Friday, April 4, 2014

Sheep soaps: Two more, and a fight develops

Aimee found my favorite ewe Nellie in labor before going to work around 10.15 am, Thursday, and called me on the cell phone to tell me. I was already at work. I came home as soon as I could and gave an "assist" on the first of two big lambs that Nellie birthed. The second popped out more naturally around noon.

Nellie is one of our better mothers and thankfully there was no sign of white muscle disease, so I was back to work in time for my one o'clock meeting. I tried to put mom and babies out in the sun later that afternoon, but that didn't work out, the babies being far too shaky in their legs still. They went out as soon as the morning feeding was done Friday.

Then ensued the beginning of a long-run ewe-war between Nellie and Reggie, the youngster that lost a ram-lamb to white muscle Monday.

Weird sheep stuff. It's as if Reggie is looking around for her lost lamb, and her eye fixes on Nellie's ram-lamb. Either she goes to him or he comes to her, but as soon as she sniffs him, she gets horribly angry, quite mad really, and pushes him away and rams him repeatedly, bowling him over or squashing him up against hard objects. Sometimes she picks on the sister too. If Reggie can trap this poor mite or his sister in a corner or against a tree, she'll kill one or both of them, it's that bad.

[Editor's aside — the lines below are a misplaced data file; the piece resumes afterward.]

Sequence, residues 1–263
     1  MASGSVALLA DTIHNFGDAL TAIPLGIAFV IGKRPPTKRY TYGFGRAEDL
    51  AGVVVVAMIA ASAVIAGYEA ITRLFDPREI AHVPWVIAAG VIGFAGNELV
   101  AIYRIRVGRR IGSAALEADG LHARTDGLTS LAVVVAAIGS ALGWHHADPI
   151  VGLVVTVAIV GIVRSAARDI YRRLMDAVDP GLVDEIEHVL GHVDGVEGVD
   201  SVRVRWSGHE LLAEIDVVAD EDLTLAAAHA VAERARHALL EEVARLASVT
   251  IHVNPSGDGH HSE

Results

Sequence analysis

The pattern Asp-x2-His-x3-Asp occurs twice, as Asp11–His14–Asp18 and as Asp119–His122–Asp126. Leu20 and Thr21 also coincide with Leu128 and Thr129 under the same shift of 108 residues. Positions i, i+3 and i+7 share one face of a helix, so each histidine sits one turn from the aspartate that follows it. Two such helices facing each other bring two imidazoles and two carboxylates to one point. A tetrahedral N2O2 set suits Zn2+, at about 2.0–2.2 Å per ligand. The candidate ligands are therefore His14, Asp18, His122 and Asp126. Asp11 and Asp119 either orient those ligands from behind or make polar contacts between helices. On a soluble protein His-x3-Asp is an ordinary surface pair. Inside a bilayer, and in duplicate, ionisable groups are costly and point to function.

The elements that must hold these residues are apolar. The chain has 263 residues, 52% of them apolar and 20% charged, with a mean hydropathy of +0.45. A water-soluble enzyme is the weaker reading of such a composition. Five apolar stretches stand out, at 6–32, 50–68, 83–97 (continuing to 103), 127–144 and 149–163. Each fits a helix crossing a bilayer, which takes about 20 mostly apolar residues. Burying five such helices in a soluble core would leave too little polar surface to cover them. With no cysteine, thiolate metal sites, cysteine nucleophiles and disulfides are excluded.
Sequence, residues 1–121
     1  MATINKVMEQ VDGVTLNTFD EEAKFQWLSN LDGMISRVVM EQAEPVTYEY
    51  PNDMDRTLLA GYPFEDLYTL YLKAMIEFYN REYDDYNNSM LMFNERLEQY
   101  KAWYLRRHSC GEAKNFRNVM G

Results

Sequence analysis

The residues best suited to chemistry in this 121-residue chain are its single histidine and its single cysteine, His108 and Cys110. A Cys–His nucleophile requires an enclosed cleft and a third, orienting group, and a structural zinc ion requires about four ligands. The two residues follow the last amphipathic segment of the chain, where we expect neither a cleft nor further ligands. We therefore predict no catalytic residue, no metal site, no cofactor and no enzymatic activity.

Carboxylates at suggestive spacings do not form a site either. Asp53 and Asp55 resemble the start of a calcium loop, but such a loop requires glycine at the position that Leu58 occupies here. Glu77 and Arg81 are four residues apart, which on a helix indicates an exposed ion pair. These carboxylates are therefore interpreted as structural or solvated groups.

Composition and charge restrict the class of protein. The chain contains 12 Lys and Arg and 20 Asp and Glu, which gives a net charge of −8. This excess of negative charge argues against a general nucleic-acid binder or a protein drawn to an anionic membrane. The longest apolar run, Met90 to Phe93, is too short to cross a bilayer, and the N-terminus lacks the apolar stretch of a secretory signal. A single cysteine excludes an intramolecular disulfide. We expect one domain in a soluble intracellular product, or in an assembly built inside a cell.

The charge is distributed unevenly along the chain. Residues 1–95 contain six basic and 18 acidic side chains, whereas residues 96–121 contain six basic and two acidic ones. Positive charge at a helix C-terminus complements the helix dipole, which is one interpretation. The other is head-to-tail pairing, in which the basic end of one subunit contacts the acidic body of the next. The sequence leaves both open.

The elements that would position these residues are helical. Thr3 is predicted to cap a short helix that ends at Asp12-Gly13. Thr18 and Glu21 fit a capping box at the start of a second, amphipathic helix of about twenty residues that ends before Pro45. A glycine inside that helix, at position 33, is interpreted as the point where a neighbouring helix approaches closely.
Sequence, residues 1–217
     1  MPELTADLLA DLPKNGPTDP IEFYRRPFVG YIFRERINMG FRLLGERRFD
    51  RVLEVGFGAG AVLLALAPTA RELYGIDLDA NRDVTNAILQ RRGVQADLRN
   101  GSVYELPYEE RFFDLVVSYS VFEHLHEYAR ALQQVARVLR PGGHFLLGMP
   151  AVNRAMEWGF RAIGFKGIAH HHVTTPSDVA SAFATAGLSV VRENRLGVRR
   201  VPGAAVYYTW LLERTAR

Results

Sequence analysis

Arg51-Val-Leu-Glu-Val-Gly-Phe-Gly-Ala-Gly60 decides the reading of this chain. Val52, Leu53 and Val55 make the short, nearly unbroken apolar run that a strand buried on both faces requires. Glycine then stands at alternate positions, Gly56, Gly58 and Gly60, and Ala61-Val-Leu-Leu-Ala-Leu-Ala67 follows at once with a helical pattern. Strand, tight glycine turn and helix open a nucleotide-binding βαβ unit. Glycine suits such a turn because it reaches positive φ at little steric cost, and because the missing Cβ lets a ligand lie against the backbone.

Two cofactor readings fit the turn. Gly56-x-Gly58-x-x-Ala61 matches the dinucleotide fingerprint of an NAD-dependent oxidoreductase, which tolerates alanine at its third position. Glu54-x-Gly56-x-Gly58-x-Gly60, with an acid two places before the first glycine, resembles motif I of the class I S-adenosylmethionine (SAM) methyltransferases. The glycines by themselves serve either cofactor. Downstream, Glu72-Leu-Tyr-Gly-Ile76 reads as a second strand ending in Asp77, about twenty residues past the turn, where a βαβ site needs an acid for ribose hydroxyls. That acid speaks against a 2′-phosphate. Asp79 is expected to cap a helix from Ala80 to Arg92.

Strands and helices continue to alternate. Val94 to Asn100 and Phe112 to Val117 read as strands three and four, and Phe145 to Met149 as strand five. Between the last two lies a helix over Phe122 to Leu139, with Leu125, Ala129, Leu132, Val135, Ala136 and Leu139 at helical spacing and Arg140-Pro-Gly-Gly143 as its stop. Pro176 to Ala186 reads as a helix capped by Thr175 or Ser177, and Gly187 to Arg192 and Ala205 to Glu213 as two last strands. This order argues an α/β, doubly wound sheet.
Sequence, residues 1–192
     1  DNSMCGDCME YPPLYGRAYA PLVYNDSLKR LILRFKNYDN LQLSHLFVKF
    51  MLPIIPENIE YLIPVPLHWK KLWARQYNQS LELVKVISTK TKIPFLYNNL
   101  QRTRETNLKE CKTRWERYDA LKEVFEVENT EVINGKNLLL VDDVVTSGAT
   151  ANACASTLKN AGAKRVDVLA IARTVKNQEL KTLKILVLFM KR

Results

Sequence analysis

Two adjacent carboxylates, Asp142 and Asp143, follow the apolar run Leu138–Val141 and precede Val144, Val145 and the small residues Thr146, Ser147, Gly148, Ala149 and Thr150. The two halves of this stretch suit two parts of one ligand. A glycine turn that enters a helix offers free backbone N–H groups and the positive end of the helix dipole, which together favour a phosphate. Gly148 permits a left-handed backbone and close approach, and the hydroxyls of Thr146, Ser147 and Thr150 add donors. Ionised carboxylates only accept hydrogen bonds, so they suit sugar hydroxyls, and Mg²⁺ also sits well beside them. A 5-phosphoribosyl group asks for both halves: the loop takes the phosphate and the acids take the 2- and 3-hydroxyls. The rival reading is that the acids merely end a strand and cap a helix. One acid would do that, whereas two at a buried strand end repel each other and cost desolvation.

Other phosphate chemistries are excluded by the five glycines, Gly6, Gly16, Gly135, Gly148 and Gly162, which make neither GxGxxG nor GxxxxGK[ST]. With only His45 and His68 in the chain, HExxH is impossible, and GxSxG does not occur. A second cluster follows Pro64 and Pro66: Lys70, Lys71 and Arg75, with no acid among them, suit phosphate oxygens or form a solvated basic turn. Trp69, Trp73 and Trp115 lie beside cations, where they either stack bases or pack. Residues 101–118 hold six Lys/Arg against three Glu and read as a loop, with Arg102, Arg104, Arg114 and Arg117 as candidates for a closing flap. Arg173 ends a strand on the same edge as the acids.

It doesn't help that little Uma, Reggie's survivor, wants to sniff at and play with her new cousins.

Nellie, a placid ewe who likes nothing more than to be petted and fed crusts of bread, has been slow to respond and only slowly has learned that she has to defend her babies. And when she did begin to respond and ram back, she still didn't give Reggie a good enough hiding to deter her. I had to separate them two or three times already.

But by bedtime the two combatants had staked out separate corners of the main pen and were in a stable stand-off, Reggie in one corner with her lamb under one heat lamp, and Nellie in the other. The lambs are stuffed in the corners and the ewes are outside in defensive posture, circling the wagons.

They say sheep know a hundred different ways to die, but I didn't think one of them was being rammed to death by your own auntie.

I'm glad none of my aunties were ever this mean!

With a plot like this, we could write soap opera for sheep.

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